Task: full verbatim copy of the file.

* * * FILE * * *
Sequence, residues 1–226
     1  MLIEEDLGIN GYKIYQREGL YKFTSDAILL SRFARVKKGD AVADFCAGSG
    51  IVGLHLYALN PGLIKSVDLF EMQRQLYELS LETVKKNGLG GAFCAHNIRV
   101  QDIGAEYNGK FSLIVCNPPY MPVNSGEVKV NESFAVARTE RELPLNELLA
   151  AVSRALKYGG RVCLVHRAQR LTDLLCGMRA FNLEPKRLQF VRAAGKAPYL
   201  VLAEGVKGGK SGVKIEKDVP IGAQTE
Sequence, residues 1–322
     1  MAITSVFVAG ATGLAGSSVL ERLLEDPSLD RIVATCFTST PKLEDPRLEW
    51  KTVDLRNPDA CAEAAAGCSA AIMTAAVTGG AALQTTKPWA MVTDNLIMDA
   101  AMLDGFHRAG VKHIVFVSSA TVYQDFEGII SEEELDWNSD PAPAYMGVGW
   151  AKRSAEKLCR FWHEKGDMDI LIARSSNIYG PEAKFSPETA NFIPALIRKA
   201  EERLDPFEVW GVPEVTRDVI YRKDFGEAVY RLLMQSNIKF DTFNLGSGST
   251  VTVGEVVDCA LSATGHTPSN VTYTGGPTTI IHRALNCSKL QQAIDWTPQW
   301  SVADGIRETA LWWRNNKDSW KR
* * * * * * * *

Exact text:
Sequence, residues 1–226
     1  MLIEEDLGIN GYKIYQREGL YKFTSDAILL SRFARVKKGD AVADFCAGSG
    51  IVGLHLYALN PGLIKSVDLF EMQRQLYELS LETVKKNGLG GAFCAHNIRV
   101  QDIGAEYNGK FSLIVCNPPY MPVNSGEVKV NESFAVARTE RELPLNELLA
   151  AVSRALKYGG RVCLVHRAQR LTDLLCGMRA FNLEPKRLQF VRAAGKAPYL
   201  VLAEGVKGGK SGVKIEKDVP IGAQTE
Sequence, residues 1–322
     1  MAITSVFVAG ATGLAGSSVL ERLLEDPSLD RIVATCFTST PKLEDPRLEW
    51  KTVDLRNPDA CAEAAAGCSA AIMTAAVTGG AALQTTKPWA MVTDNLIMDA
   101  AMLDGFHRAG VKHIVFVSSA TVYQDFEGII SEEELDWNSD PAPAYMGVGW
   151  AKRSAEKLCR FWHEKGDMDI LIARSSNIYG PEAKFSPETA NFIPALIRKA
   201  EERLDPFEVW GVPEVTRDVI YRKDFGEAVY RLLMQSNIKF DTFNLGSGST
   251  VTVGEVVDCA LSATGHTPSN VTYTGGPTTI IHRALNCSKL QQAIDWTPQW
   301  SVADGIRETA LWWRNNKDSW KR